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Collagen I-mediated up-regulation of N-cadherin requires cooperative signals from integrins and discoidin domain receptor 1.

Shintani Y, Fukumoto Y, Chaika N, Svoboda R, Wheelock MJ, Johnson KR - J. Cell Biol. (2008)

Bottom Line: Focal adhesion kinase (FAK)-related protein tyrosine kinase (Pyk2) is downstream of DDR1, whereas FAK is downstream of alpha2beta1 integrin.Both receptor complexes rely on the p130 Crk-associated substrate scaffold.Interestingly, Rap1, but not Rho family guanosine triphosphatases, is required for the response to collagen I.

View Article: PubMed Central - PubMed

Affiliation: Department of Oral Biology, University of Nebraska Medical Center, Omaha, NE 68198, USA.

ABSTRACT
Tumor cells undergo epithelial-to-mesenchymal transition (EMT) to convert from a benign to a malignant phenotype. Our recent focus has been signaling pathways that promote EMT in response to collagen. We have shown that human pancreatic cancer cells respond to collagen by up-regulating N-cadherin, which promotes tumor growth, invasion, and metastasis. Initial characterization showed that knocking down c-Jun NH2-terminal kinase prevented N-cadherin up-regulation and limited tumor growth and invasion in a mouse model for pancreatic cancer. The current study was designed to understand the pathway from collagen to N-cadherin up-regulation. Initiation of the signal requires two collagen receptors, alpha2beta1 integrin and discoidin domain receptor (DDR) 1. Each receptor propagates signals through separate pathways that converge to up-regulate N-cadherin. Focal adhesion kinase (FAK)-related protein tyrosine kinase (Pyk2) is downstream of DDR1, whereas FAK is downstream of alpha2beta1 integrin. Both receptor complexes rely on the p130 Crk-associated substrate scaffold. Interestingly, Rap1, but not Rho family guanosine triphosphatases, is required for the response to collagen I.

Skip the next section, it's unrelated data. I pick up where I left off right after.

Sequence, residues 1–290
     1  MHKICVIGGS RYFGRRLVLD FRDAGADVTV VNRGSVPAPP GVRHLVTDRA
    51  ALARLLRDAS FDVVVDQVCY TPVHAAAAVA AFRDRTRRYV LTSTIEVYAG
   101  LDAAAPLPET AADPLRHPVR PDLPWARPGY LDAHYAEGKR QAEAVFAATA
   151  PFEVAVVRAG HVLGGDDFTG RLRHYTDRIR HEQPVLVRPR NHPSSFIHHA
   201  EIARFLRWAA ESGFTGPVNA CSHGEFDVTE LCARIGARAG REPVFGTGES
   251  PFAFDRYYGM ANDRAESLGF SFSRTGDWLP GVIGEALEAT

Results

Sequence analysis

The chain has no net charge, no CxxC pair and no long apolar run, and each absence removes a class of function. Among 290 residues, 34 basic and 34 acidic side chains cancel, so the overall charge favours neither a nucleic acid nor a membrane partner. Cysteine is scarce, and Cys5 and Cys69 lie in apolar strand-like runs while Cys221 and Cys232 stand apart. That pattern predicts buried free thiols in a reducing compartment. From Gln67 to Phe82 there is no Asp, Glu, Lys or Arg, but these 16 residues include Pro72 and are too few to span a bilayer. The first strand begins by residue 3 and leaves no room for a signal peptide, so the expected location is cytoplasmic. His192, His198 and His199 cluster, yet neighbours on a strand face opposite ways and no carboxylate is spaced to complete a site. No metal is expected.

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JNK1/cJun activation plays a crucial role in collagen I–mediated changes in BxPC3 cells. (A) Mock BxPC3 cells or cells expressing MKK7-JNK1 (constitutively active JNK1) or MKK7-KM-JNK1 (inactive control) were extracted 2 d after plating on noncoated or collagen I–coated dishes. 30 or 60 μg of protein was blotted for N-cadherin, HA tag (to detect MKK7/JNK1), or tubulin. (B) BxPC3 cells expressing MKK7-JNK1 (a and b) or MKK7-KM-JNK1 (c and d) were cultured on noncoated (a and c) or collagen I–coated (b and d) dishes for 2 d. Bar, 100 μm. (C) 30 μg of protein from mock BxPC3 cells or cells expressing dominant-negative cJun (cJun-DN) were extracted 2 d after plating on noncoated or collagen I–coated dishes, resolved by SDS-PAGE, and blotted for N-cadherin, total cJun, or tubulin. (D) Mock BxPC3 cells (a and b) or cells expressing cJun-DN (c and d) were cultured on noncoated (a and c) or collagen I–coated (b and d) dishes for 2 d. Bar, 100 μm.